Mix up a batch of this special simple syrup, Holiday Spice Honey Syrup, to either give as a gift from the kitchen or to keep on hand to stock your bar throughout the holiday season and into the New Year as guests drop by. Perhaps even try our smashing original bourbon cocktail, Holiday Spice Bourbon Cocktail – Christmas in Connecticut, calling for this syrup. The syrup will keep for 4 to 6 months when tightly sealed and kept refrigerated.
My friends, this recipe has become a favorite of mine. You and your holiday guests will love it. I promise.
Below are Pinterest-friendly sized images to pin at Pinterest!
The perfect easy-to-prepare rich simple syrup made with honey, granulated pure cane sugar and a classic blend of Christmas holiday whole spices to spice up your wintertime cakes, cold beverages and cocktails. Recipe includes vegan option. Holiday guests will rave!
- 1 cup (240 ml) filtered/purified or distilled water
- 1 cup (240 ml) pure organic honey
- 1 cup (200 grams) organic granulated pure cane sugar, such as 365 Everyday Value® by Whole Foods Market®
- 6 whole cloves
- 6 star anise pods
- 6 whole allspice berries
- 3 whole black peppercorns
- 2 cinnamon sticks
- Special Equipment & Supplies:
- Fine-mesh sieve
- Small square of cheesecloth
- Small piece of wax paper
In a small saucepan, combine water, honey and sugar. Over medium heat, cook stirring frequently until sugar is completely dissolved. This process should take about 8 minutes. Add whole spices and bring to a boil. Once boiling, reduce heat to between low to medium-low and simmer for 5 minutes.
Using a fine-mesh sieve lined with a small square of cheesecloth, carefully strain syrup into a large heatproof glass liquid measuring cup. (I like to use my Pyrex® 4-cup glass liquid measure.) Set syrup aside to cool completely, covered with a small square of wax paper, before using in recipes. Keep leftover syrup stored in refrigerator tightly sealed.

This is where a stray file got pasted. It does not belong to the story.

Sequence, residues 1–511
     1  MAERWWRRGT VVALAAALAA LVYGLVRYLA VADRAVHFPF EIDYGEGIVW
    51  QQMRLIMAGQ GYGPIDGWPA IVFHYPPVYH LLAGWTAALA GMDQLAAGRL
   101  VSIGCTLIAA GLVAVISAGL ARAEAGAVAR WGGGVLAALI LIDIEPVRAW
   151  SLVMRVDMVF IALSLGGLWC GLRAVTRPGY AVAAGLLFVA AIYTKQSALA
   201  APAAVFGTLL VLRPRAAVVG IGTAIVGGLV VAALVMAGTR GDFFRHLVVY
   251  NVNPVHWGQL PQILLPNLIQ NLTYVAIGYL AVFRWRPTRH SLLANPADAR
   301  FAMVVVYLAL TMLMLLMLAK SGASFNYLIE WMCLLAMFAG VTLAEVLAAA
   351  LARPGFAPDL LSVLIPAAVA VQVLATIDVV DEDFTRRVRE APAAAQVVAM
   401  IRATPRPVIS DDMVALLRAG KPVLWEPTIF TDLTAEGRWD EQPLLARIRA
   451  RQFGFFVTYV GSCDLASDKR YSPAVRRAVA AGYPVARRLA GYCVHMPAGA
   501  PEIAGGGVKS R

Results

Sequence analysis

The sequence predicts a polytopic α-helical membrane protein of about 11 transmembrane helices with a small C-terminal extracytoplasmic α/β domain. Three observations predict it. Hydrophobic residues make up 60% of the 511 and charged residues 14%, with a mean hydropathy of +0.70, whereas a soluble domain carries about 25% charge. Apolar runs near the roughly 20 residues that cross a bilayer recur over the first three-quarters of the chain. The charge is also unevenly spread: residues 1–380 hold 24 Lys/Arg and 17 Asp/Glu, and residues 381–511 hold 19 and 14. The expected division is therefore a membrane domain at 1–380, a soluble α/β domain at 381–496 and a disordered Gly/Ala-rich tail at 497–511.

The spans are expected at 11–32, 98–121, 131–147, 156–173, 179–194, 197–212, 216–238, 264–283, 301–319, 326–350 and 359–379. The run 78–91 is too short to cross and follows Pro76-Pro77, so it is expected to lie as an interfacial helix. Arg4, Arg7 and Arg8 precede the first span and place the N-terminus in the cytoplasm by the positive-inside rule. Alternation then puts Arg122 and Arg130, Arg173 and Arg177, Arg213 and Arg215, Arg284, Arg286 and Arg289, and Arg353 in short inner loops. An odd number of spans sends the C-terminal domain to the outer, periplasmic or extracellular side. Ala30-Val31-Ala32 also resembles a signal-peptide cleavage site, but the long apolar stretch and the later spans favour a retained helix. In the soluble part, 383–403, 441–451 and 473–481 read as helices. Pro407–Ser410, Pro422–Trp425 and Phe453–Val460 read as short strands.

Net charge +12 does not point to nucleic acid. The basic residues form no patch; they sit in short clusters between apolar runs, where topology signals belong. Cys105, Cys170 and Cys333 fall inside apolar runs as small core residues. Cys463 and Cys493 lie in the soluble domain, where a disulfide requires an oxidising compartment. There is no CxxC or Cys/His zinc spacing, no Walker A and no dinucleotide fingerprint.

Tips:Syrup will keep for 4 to 6 months when tightly sealed and kept refrigerated. Use sterilized jars and lids. Label and date the jar. With “rich” simple syrups such as this, use less (to taste, as this syrup is sweeter) than the amount of regular simple syrup called for in cocktail recipes. For Holiday Gift-Giving: Simply pour into sterilized jar using a funnel and seal tightly with sterilized lid. Label the jar (for food safety reasons) stating the ingredients list (for diet and food allergy reasons), storage directions and date made. By storage directions, simply state the following (in large print), “Refrigeration required. Will keep for 4 to 6 months refrigerated. Best if used within 6 months of date made.” Variation: For Vegan Holiday Spice “Honey” Syrup: Agave syrup can be substituted for honey in this recipe. Use organic granulated pure cane sugar, such as 365 Everyday Value® by Whole Foods Market®, as stated in the recipe as it is vegan. Original Recipe Source: WickedGoodKitchen.com
Recipe Adapted From: The Barn Nail by Williams-Sonoma Copyright © Wicked Good Kitchen. All content and images are copyright protected. Please do not use my images without prior permission. If you want to republish this recipe, please re-write the recipe in your own words. Alternatively, link back to this post for the recipe.